The applications can be found on TRCMaine.org (look for the Alumni section) or you can email Susan Worcester at susan.worcester@me.com or call her at 207-965-8070. You can also email her at BJHSAlumni@TRCMaine.org.

Some changes to the application process:

This year there is no signature needed from a school official.

This year as student needs only to (1) complete the application (minus the official signature at the bottom) and (2) send a copy of their most recent grades.

This year we will use all students’ cumulative grade point average as a standard.

This year only the 8 usual scholarships will be given. In that there will be no annual meeting, there will be no opportunity for the group to vote on additional scholarships as they have in past years.

Dues may be sent along with the scholarship application, if you wish.

Applications still need to be received by July 31st.

Over the past few years the decision has been made at the annual meeting to provide more than the eight scholarships normally given out as there have been a number of very qualified students who...

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Penquis Solid Waste Free Disposal Dates

Submitted by Seth Barden on May 15, 2020 - 9:14am


10 Live Maine Lobster Raffle

Submitted by Seth Barden on May 14, 2020 - 3:02pm


Bissell Brothers adapts to taproom closings with near statewide delivery routes

Submitted by Seth Barden on May 14, 2020 - 12:52pm

Ernie Clark, Bangor Daily News Staff • May 14, 2020

Bissell Brothers Brewing had a product to sell in late March but suddenly lacked the most direct method of distribution — its taprooms in southern and central Maine.

Gov. Janet Mills shut down bars and restaurants around the state to dine-in service nearly two months ago in an effort to deter the spread of COVID-19, impelling businesses like the popular Maine-based craft brewery to develop quick sales alternatives beyond curbside pickup in order to maintain financial solvency.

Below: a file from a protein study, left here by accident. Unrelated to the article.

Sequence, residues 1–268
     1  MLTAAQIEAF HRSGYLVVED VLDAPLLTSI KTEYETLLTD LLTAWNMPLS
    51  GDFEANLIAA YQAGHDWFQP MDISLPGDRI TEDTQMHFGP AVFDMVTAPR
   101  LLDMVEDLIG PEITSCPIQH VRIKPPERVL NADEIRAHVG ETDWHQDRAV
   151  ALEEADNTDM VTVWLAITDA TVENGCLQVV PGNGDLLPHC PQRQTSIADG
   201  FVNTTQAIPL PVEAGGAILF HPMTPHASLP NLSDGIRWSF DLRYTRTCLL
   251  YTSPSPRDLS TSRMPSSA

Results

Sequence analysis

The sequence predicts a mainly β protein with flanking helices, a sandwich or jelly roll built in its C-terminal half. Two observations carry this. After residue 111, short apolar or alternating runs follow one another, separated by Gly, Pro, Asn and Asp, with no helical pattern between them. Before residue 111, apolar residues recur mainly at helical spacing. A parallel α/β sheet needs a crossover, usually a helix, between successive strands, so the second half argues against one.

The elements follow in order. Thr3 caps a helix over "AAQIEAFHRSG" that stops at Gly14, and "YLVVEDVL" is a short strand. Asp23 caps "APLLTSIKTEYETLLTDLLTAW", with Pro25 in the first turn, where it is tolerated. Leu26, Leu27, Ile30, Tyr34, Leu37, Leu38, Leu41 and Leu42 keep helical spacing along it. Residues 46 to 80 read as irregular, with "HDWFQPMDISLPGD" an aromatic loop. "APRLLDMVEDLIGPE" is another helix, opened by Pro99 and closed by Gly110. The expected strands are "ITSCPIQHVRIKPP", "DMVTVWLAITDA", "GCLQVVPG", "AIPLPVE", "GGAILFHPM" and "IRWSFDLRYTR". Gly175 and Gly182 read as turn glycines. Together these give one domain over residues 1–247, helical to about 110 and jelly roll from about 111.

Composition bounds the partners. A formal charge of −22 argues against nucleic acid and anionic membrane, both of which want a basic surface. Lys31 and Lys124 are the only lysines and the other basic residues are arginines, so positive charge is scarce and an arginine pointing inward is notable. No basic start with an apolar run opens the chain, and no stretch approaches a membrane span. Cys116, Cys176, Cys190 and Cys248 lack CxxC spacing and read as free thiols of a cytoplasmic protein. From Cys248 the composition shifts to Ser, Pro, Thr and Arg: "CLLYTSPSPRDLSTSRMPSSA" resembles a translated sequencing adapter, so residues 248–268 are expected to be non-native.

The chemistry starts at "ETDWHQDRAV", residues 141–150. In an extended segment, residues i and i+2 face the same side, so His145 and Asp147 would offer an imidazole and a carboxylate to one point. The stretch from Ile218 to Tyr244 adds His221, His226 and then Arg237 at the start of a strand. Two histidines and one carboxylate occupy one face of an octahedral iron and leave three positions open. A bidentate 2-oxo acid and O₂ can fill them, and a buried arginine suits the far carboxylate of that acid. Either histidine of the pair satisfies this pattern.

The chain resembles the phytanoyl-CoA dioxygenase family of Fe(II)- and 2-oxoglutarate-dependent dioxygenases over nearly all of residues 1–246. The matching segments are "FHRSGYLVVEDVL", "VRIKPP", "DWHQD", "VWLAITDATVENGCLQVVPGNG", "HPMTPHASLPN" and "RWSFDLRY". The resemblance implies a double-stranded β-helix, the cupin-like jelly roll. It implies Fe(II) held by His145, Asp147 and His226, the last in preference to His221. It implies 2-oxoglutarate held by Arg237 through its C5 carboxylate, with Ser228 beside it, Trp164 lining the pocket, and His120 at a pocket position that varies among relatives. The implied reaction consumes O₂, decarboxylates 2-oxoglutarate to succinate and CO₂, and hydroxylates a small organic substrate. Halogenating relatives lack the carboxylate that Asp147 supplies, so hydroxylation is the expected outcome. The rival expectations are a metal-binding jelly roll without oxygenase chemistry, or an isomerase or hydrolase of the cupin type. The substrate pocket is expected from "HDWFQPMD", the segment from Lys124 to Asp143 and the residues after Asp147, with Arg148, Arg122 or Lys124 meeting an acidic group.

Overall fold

“As this all started to happen it felt like you had these 72-hour cycles where the world would change dramatically and it kept changing one way,” said Matt Robinson, general manager of the craft brewery’s northern Maine operations in Milo.

“Then 72 hours after policing the doors a little better and spreading out the tables and being on five-minute cleaning cycles and with everything looking different, it quickly became, ‘The taproom’s not going to be open at all. What do we do?’”

Company officials blended social media marketing with a tradition resembling milk sales of generations past to develop a near-statewide home delivery system virtually on the fly — or at least on the roads of Maine — to accommodate much of their fan base while continuing to generate income.

Bissell Brothers now has delivery routes covering most of northern and southern Maine, the northern routes based in Milo and the southern routes leaving from the company’s Portland base, which opened in 2014.

“Between everything we’re doing up here and down there, we’re not missing very much,” said Robinson of the brewery’s in-state geographic reach.

That’s particularly true in the less populated more northern reaches where the deliveries  originate at the production facility and taproom brothers Noah and Peter Bissell — the company’s founders — built at a former snowmobile dealership in their Piscataquis County hometown of Milo two years ago.=

Barrels of beer surround an old ‘Welcome to Milo’ sign inside the Bissell Brothers Three Rivers taproom and brewery center in Milo. Company officials have been using the facility in the wake of the COVID-19 pandemic as a distribution center for deliveries to customers throughout northern, central and Down East Maine.

“Here curbside isn’t as big so we said let’s try [delivery] and see if there’s anything there,” said Robinson, whose parents grew up in Milo. “Let’s see if we can find routes that make some economic sense and where you can get enough orders built up so you can go do a route and bring beer to people.”

Those routes developed organically over a matter of days.

“What started to happen was that from Facebook messages and Instagram messages and from people we’ve become friends with over the years of being open here starting to reach out saying, ‘Hey, if I put a big order together with some friends would you come to...